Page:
I wrote this in response to organizers promoting the event in the spirit of SW and sending out an 11th hour legal form that was quite the opposite, without running it by the community or anyone at SW. It was disrespectful to everyone attending the weekend, and SW took steps to make sure it would never happen again (and it has not). No names have been mentioned in this post, I am not going after anyone personally. It was a series of unfortunate events, and instead of covering it up I was as transparent and honest as I could be.

I would describe myself as someone who goes to a lot of events, someone that participates in a lot of group (tech and non tech). Some events are amazing, some forgettable and some just rock you to the core. SWT was one of the latter, and not for all the good reasons.

Some of you, even my close friends, didn’t know about the weekend. Shortly after arriving, some major red flags were raised, and if you didn’t follow my twitter, you didn’t hear about them until now (when things go bad, you want to learn as much as you can without broadcasting to the world why you are learning so much!). I would like to document what went on, what went really well and what didn’t. At the end of the weekend I was extremely disappointed, but equally happy. The core of my biggest fears came roaring to the forefront, seemingly trying to kill this idea that I am extremely passionate about. I learned more in the first three hours of SWT than I did in a month and a half planning and organizing for SWs around the globe.

What worked: The weekend attracted some amazing people. There was a core group of people there that got it, were brilliant and refreshing. You could see the passion in their eyes. The model has promise and people ‘got it.’ Although I really wanted to, no mutinies occurred. The discussions away from the product were remarkable.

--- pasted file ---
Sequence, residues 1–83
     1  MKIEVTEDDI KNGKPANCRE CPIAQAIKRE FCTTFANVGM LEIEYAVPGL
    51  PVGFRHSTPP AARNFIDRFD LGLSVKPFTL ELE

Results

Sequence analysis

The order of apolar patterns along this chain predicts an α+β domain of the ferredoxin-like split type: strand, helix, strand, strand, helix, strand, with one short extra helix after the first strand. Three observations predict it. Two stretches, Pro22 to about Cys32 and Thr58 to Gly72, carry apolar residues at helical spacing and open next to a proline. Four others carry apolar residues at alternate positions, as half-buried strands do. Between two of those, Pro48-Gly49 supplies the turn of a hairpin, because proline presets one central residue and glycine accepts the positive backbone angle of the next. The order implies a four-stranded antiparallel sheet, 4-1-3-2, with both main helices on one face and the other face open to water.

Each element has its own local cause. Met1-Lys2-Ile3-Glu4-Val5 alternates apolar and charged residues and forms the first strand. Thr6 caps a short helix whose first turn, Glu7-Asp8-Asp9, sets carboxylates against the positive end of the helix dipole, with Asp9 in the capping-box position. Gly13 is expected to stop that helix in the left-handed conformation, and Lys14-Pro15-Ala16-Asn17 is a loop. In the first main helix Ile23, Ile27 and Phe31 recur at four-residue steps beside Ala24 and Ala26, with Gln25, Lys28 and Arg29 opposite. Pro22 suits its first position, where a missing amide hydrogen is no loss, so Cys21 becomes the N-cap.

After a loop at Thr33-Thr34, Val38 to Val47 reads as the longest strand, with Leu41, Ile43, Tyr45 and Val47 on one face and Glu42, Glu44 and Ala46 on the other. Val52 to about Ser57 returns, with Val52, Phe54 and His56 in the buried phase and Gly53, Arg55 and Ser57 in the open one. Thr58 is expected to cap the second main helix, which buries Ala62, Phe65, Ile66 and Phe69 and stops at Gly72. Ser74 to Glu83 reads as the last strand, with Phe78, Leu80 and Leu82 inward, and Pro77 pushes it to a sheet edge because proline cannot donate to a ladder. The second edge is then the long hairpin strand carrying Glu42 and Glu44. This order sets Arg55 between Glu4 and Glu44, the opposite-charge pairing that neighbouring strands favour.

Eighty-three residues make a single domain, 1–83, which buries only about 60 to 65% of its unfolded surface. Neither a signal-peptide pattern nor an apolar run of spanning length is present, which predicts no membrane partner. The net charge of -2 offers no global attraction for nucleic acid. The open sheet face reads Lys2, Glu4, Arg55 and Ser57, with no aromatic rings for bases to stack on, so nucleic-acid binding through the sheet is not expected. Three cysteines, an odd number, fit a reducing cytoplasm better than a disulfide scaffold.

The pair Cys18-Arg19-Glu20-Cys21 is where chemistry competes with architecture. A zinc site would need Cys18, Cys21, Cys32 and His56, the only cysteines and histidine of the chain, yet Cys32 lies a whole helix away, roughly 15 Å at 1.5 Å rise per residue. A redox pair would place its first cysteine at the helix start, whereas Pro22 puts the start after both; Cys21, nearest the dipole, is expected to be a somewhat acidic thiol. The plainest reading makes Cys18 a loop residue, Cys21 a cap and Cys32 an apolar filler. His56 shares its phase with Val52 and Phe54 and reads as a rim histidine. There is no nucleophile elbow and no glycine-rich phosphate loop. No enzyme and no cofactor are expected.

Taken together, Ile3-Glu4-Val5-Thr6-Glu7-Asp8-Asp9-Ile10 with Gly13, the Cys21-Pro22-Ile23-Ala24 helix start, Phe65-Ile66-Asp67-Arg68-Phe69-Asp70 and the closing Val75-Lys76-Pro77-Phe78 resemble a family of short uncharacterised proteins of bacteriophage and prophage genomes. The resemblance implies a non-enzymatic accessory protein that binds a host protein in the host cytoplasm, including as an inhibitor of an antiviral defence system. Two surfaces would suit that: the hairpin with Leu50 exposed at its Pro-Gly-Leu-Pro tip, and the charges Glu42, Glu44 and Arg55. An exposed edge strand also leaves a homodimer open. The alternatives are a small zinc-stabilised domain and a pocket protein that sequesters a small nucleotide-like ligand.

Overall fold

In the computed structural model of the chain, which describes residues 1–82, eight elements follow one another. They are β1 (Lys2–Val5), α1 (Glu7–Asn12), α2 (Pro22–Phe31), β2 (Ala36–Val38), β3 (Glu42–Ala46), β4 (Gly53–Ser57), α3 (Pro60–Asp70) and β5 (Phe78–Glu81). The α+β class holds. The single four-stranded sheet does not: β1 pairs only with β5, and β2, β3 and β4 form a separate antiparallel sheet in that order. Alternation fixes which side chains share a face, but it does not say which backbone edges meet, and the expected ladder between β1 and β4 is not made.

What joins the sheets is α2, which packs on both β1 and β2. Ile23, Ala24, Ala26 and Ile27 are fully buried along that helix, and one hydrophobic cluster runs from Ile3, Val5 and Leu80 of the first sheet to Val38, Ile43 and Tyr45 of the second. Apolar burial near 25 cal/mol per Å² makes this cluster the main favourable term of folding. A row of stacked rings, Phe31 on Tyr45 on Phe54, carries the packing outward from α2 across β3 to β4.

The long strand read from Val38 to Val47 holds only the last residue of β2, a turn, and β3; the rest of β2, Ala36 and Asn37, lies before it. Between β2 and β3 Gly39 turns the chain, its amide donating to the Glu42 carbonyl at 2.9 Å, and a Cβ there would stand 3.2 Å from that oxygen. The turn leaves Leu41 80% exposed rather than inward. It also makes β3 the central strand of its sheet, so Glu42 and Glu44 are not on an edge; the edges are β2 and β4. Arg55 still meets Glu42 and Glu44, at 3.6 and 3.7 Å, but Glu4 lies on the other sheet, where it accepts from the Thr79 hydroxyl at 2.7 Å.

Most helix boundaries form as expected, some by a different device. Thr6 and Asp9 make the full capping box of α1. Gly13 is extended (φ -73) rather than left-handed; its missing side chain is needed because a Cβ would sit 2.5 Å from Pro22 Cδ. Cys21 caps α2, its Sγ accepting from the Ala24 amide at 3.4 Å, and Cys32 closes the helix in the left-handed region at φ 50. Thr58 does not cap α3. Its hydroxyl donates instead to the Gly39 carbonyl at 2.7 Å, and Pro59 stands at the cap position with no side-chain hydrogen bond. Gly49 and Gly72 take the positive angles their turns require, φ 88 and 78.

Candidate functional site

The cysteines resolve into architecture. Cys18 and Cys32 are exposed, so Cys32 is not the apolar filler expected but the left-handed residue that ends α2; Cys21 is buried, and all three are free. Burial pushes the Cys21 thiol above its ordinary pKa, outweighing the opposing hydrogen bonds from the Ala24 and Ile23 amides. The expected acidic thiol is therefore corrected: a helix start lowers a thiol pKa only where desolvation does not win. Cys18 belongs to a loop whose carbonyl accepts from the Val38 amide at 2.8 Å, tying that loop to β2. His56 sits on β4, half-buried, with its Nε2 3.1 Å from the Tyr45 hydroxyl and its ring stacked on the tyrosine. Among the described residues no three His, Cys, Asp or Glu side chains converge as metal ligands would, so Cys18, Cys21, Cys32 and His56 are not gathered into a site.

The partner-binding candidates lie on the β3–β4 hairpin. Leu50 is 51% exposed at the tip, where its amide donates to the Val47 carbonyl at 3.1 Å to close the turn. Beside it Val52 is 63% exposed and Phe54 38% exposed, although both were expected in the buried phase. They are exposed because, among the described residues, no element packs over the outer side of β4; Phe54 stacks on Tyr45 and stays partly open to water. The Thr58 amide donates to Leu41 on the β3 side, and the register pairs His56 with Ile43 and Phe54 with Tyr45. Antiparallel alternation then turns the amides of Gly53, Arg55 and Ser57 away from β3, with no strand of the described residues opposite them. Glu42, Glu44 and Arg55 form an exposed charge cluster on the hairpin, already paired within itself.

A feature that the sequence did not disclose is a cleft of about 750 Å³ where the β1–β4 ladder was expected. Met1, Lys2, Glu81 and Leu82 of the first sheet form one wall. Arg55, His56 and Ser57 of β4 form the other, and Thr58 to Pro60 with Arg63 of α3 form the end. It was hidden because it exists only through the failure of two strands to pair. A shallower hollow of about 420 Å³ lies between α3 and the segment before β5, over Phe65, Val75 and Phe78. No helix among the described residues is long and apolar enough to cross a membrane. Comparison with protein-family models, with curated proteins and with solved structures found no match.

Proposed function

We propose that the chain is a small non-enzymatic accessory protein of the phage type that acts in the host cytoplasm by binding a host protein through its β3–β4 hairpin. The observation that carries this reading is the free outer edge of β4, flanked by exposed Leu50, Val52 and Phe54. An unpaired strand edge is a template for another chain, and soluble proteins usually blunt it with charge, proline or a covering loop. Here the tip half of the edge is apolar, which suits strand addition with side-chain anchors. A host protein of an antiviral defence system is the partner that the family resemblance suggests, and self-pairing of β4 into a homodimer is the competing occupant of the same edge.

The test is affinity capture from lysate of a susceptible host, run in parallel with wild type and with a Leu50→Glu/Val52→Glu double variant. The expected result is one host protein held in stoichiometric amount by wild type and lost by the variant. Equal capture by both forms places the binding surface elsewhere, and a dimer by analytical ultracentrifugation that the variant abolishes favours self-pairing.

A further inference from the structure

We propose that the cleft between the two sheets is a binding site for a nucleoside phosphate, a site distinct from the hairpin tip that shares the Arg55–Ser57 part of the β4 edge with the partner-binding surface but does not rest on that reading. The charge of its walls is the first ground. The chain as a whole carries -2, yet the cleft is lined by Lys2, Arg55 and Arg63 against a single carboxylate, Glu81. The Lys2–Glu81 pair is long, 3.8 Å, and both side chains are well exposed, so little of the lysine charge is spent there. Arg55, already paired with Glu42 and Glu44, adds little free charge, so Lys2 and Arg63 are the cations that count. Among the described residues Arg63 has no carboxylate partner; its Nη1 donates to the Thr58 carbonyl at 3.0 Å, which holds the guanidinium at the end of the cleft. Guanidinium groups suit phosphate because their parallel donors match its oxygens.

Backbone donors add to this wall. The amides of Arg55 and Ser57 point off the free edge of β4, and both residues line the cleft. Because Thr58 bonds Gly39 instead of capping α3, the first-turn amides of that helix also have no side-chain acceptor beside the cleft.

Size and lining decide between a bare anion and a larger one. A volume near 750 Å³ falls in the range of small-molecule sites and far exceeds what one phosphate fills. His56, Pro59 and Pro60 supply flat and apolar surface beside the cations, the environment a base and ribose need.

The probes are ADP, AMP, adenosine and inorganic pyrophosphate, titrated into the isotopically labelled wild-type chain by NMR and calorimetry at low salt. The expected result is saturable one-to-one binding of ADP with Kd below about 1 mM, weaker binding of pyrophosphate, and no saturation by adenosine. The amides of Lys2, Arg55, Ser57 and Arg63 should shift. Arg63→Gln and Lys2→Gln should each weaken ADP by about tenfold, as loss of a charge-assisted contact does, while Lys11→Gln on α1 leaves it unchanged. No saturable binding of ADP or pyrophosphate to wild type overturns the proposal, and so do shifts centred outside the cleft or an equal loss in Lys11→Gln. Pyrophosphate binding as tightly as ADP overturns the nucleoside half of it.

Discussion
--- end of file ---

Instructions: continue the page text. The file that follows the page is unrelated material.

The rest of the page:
What didn’t work: Putting any part of the organization or incorporation in the hands of a local hand. In this case, greed took over and the organizers decided that it would ‘only make sense’ to reward their hard work with a substantial part of the company, without telling me or any other of the founders until the day before the event. They also decided a 20% share of the company was awarded to the person who came up with the company idea that everyone was going to make. I was told that VC’s regularly invested in ideas for 1-3 million and my concerns for only saving 15% of the company for future development was without merit. An inexperienced business team was assembled to act as managers, holding closed door meetings and took great pride in watching others do instead of getting their hands dirty as well. The spirit of what the weekend wasn’t followed. If the concept of the weekend is an experiment, than what happened last weekend was an experiment in how to fragment a community- to destroy an idea.

I can’t be all negative, The barrier to entry for this idea is high, this weekend is a really hard thing to pull off. If the intentions of the organizers was pure, I couldn’t complain a bit. Unfortunately, I was hosed, and that is hard to stomach.

What I am doing to make sure this never happens again: I asked a group of people who were at SW Boulder (and at other future cities) what they thought the spirit of the weekend was. The conclusion from those conversations is to form a ‘Bill of Rights’ to protect any founder of a future weekend from dishonest organizers. A rough draft is available here (.pdf). I would love your feedback. Also, facilitation will be by myself or someone trained by SW, making sure of the quality of the event on a firsthand basis.